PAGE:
The chocolate lab puppy is bringing the street together.
By day it sits behind its fence and whines. And pines. All day it cries at being left alone.
My heart is quietly breaking for the poor little pooch. For at least the first minute I am feeling sorry for it, wishing I could share an ice-cream with it, or something revolting like that. It does not take long, however, for my innate dog-hating streak to come to the fore.
It’s never going to give me any peace, I begin to think of the demonic puppy. She is intent on destroying my day.
The neighbours, however, must be mad about dogs. Crackers, I reckon. They’re constantly trudging over to play with Lily. A few have adopted her out of the goodness of their hearts, or perhaps they cannot tolerate the whine, which quickly becomes as annoying as the reversing truck noise. They tuck her under their arms and carry her back to their own yards to throw plastic toys around.
It’s all very cosy.
Babies have less community value, I am sure. Toddlers with blonde riglets and skipping ropes do not get as much attention as Lily is courting.
So, what is it about dogs that turns grown men into apple strudel?
My mate Michelle is mad about her canines, a love I have certainly never shared. She calls her chihuahua, Baloo, the Love of her Life. I recall one horrible night Michelle camped in my bed and Baloo had to come to. It almost killed me, all the scratching and licking. It still pains me to think of that fitful night and the trouble I had washing the sheets.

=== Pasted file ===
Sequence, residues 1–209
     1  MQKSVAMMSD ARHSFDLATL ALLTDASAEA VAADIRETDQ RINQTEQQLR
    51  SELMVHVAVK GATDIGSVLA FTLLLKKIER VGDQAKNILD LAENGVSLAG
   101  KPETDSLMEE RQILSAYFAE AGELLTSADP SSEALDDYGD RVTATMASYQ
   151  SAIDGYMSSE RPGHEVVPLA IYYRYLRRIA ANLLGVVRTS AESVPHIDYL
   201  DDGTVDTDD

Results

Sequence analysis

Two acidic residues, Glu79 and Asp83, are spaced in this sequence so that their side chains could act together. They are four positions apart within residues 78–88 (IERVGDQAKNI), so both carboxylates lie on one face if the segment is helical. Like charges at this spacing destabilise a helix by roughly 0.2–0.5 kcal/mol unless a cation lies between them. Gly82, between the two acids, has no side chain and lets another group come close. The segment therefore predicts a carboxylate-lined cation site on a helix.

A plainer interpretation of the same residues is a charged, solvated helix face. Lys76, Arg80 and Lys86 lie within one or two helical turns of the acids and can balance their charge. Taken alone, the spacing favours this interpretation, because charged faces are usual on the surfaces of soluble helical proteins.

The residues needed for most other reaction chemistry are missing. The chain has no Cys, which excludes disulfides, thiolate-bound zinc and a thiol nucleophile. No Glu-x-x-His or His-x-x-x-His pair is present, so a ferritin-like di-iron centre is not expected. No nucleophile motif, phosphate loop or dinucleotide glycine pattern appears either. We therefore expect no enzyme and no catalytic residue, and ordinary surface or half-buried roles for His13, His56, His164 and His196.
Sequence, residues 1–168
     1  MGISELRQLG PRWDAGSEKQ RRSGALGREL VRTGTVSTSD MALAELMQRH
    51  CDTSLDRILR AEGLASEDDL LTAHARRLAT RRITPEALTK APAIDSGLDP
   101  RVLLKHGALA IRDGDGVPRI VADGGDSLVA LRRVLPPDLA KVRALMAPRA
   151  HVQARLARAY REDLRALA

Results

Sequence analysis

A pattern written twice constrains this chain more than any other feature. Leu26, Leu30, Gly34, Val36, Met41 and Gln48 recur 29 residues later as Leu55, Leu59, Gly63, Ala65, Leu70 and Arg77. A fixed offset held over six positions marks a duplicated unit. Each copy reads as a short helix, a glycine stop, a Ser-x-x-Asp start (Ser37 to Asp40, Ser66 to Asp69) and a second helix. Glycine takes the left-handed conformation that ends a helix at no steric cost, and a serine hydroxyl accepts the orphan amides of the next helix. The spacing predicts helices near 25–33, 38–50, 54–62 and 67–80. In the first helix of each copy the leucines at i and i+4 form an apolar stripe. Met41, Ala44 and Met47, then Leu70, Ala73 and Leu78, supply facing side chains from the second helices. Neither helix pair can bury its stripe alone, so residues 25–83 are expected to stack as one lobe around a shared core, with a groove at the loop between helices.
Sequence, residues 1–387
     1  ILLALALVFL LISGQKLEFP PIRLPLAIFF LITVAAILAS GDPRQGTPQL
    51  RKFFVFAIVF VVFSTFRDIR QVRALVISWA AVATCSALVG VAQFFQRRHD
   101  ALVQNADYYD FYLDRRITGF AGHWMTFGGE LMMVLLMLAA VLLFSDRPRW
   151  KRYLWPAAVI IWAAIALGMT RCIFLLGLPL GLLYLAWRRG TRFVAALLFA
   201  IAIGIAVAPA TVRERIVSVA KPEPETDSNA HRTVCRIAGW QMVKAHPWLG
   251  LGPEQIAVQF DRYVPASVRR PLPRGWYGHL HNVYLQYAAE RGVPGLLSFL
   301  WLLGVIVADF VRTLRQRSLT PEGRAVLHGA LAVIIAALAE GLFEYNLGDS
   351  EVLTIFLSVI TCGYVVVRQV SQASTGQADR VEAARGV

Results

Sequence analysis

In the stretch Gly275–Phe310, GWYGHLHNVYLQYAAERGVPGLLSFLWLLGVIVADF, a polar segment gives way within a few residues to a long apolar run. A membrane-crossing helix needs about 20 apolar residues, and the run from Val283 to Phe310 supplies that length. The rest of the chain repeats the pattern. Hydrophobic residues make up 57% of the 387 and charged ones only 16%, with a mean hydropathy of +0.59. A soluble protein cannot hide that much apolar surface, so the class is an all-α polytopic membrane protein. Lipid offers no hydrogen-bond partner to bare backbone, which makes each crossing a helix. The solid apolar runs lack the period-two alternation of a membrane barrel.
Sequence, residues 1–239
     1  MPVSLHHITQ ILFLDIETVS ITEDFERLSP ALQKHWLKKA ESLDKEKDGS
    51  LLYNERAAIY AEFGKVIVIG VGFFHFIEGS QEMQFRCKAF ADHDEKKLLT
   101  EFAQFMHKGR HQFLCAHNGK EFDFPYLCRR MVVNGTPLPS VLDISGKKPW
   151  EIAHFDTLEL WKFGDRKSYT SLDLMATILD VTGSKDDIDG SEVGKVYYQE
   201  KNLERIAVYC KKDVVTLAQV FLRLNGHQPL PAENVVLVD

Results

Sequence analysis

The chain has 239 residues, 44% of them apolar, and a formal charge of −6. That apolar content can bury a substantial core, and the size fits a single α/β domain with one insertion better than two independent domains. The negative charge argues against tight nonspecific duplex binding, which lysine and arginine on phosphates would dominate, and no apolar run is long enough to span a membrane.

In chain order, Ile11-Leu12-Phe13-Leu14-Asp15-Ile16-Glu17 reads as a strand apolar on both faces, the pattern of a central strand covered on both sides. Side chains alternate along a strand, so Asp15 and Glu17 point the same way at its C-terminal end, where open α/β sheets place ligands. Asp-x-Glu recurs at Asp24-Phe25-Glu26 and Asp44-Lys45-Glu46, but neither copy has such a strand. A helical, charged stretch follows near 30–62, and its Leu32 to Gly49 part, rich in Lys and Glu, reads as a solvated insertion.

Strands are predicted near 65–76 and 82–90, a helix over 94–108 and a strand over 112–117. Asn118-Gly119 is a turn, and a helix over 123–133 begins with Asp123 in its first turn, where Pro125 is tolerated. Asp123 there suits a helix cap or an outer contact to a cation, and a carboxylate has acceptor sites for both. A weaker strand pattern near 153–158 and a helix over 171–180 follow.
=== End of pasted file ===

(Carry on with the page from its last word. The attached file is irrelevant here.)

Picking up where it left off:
She reckons Baloo can read her moods. He licks away her tears and give her cuddles on the rainy days.
Eww, I think.
And her new dog, Romy, is not much better. The Sh*t Dog, I call it. And it is definitely not a well-behaved little girl. I keep telling her that the menace would be better off living at the Pound than pissing all through her house, but apparently there is some sort of loving attachment there.
Frankly, I struggle with the loving dogs thing.
My brother’s border collie, Sasha, she is a very cool dog. I even enjoy throwing a stick at her and watching her dump it hundreds of metres up the beach. I get another stick and repeat.
It’s a game I tire of long before she does.
This aversion of mine does bother me. Often I wonder if I missed the dog-loving chromosome. Maybe I was bitten by a beast as a child. I do blame my parents for taking the cat route when I was young, although I have no love for cats either.
The problem is more serious when I scratch the surface. Perhaps I am still single because all of my boyfriends are turned off by my anti-dog stance. The lads’ dreams of weekends at the beach throwing sticks to wet dogs are dashed when I reveal my true colours. Sometimes I can see the moment they stop looking at me as a potential mate and start seeing me as a callous, heartless hater of man’s-best-friend.
I am considering taking on a puppy when I move to Charleville. A strong burly dog would go well with the broad-brimmed hat and boots. I could even teach it to jump in the back of the ute. Oh, and there is the romantic streak of mine, just hanging out a few streets away from Reality.
If my puppy had the Lily-effect I would have the new neighbours eating out of my palm in no time.
Although, according to my brother, if I get a dog from the Pound I cannot take it back in a year when I am done with it and ready to go overseas again. And the thing would probably have a whine just like Lily’s.
My brother suggested a goldfish may be a better option. How condescending! True, but condescending.
Still, I reckon I can learn to love a pooch. I have to, surely, if I am ever to pin down a bloke.
And perhaps the bark is worse than the bite.